Older adults with more harmful than healthy bacteria in their gums are more likely to have evidence for amyloid beta – a key biomarker for Alzheimer’s disease – in their cerebrospinal fluid (CSF), according to new research from the New York University College of Dentistry and Weill Cornell Medicine. However, this imbalance in oral bacteria was not associated with another Alzheimer’s biomarker called tau.
The study, published in the journal Alzheimer’s & Dementia: Diagnosis, Assessment & Disease Monitoring, adds to the growing evidence of a connection between gum disease and Alzheimer’s.
Lead study author Angela Kamer said: “To our knowledge, this is the first study showing an association between the imbalanced bacterial community found under the gumline and a CSF biomarker of Alzheimer’s disease in cognitively normal older adults. The mouth is home to both harmful bacteria that promote inflammation and healthy, protective bacteria. We found that having evidence for brain amyloid was associated with increased harmful and decreased beneficial bacteria”.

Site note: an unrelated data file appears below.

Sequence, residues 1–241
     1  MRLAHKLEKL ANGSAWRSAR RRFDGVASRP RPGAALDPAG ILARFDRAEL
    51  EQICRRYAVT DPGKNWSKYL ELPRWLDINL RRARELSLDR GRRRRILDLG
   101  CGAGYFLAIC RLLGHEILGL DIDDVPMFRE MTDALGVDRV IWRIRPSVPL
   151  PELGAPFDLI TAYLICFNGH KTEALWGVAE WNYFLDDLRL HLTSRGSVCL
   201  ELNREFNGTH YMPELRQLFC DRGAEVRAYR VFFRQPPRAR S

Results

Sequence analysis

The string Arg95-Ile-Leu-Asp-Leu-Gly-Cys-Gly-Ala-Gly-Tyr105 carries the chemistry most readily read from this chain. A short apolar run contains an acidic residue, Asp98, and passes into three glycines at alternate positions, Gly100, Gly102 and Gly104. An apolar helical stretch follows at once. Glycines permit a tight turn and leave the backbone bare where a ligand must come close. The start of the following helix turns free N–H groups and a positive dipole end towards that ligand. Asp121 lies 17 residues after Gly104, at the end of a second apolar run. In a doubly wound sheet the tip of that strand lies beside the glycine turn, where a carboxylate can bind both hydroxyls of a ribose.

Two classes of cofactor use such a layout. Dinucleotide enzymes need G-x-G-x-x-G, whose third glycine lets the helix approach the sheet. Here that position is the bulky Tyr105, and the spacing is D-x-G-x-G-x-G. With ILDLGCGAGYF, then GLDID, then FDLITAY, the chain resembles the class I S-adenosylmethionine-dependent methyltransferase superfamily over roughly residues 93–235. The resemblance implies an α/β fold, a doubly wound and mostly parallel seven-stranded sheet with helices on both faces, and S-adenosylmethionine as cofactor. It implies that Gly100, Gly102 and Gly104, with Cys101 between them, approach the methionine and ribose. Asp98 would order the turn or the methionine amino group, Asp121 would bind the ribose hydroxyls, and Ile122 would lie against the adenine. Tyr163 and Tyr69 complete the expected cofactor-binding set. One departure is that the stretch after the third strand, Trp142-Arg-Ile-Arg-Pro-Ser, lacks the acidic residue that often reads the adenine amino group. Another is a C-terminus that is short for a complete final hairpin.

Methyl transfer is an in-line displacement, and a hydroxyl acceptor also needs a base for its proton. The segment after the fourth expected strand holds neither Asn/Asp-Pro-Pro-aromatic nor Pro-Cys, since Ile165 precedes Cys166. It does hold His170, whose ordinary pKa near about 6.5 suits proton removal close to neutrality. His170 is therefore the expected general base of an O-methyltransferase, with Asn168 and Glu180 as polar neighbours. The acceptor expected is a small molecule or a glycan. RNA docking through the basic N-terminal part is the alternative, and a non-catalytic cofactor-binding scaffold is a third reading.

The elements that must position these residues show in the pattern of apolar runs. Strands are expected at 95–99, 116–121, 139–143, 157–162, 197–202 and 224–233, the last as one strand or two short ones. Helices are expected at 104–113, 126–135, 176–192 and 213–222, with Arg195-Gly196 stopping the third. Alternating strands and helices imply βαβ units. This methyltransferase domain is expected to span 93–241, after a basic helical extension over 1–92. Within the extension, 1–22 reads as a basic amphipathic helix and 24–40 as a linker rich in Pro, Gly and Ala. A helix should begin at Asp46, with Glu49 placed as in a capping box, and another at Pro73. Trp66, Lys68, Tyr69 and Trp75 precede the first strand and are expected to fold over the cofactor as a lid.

The researchers studied 48 healthy, cognitively normal adults aged 65+. Participants underwent oral examinations to collect bacterial samples from under the gumline, and lumbar puncture was used to obtain CSF in order to determine the levels of amyloid beta and tau. To estimate the brain’s expression of Alzheimer’s proteins, the researchers looked for lower levels of amyloid beta (which translate to higher brain amyloid levels) and higher levels of tau (which reflect higher brain tangle accumulations) in the CSF.
The results showed that individuals with an imbalance in bacteria, with a ratio favouring harmful to healthy bacteria, were more likely to have the Alzheimer’s signature of reduced CSF amyloid levels.